There are a few questions that constantly bog the minds of technical writers.
– Are there any suitable technical writing tools for the task I am presently doing? Something that would minimize my efforts and produce better quality output?
– Can my company afford it?
– Is it going to be easy to learn how to use the technical writing tool?
Technical writing is as much about the human documentation effort as about identifying the right tool to invest that effort in. Gone are the days when MS Word was the ‘Be All and End All’ of software tools available for documentation. Today technical writing has morphed itself into demo videos, e-Learning mobile apps, online Wiki pages, interactive media, blog posts, and so on. Of course, the traditional FAQs, installation guides continue to thrive.
In such a diverse space, it is natural for several efficient and cost effective technical writing tools and technical writing software to evolve. But for a technical writer to pick the necessary ones and avoid investing time and money in frivolous ones is the key. While scouring the internet as part of the research for this article, I found that there was no single place a newcomer could go to, in order to figure this out.
So, this article endeavors to fill that information gap. You might find answers to the questions listed above. Apart from that, you would find a ready reckoner of the following:
– What are the different aspects of technical documentation.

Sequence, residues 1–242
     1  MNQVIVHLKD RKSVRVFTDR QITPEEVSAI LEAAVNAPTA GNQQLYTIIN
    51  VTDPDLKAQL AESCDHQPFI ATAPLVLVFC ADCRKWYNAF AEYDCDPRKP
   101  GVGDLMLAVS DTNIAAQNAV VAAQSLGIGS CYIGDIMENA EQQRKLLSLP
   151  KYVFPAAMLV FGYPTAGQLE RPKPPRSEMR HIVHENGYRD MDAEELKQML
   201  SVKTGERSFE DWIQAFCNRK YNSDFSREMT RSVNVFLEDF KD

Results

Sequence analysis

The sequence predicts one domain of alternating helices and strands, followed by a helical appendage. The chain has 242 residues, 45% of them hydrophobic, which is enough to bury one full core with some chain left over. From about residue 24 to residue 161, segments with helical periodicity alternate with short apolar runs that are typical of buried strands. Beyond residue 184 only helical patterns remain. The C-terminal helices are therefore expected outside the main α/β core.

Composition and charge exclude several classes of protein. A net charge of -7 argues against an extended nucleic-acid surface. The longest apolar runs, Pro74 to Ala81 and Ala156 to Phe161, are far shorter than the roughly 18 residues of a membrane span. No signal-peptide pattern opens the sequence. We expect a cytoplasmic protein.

– What are the different tools available for each of these aspects of technical documentation.
– A Quick comparison between similar technical writing tools.
– Product Versions and Pricing options
– Authors tips and recommendations on each tool.
That’s right. Just like a software product passes through various lifecycle phases, so does the technical documentation that accompanies the software product.
Any software product can be seen taking shape from the ideation and planning phase, then progressing to the product development phase and finally reaching the product delivery phase. Similarly, the INFORMATION DEVELOPMENT LIFECYCLE can also be roughly divided into the following 3 phases:
In this phase, we identify the various documentation requirements of the product. We identify the potential document users and their key use cases. Once the list of documents is ready, we then proceed to plan the overall structure and layout of each document. A good information architecture is a key supplement to the main product architecture. This phase is mainly the responsibility of the product design team. Technical writers may not have the macro level product vision to handle this phase. Naturally, tools used in this phase are more design/modeling tools than technical writing tools.
Part 1 below – Technical Writing Tools for the “Gather Information” Phase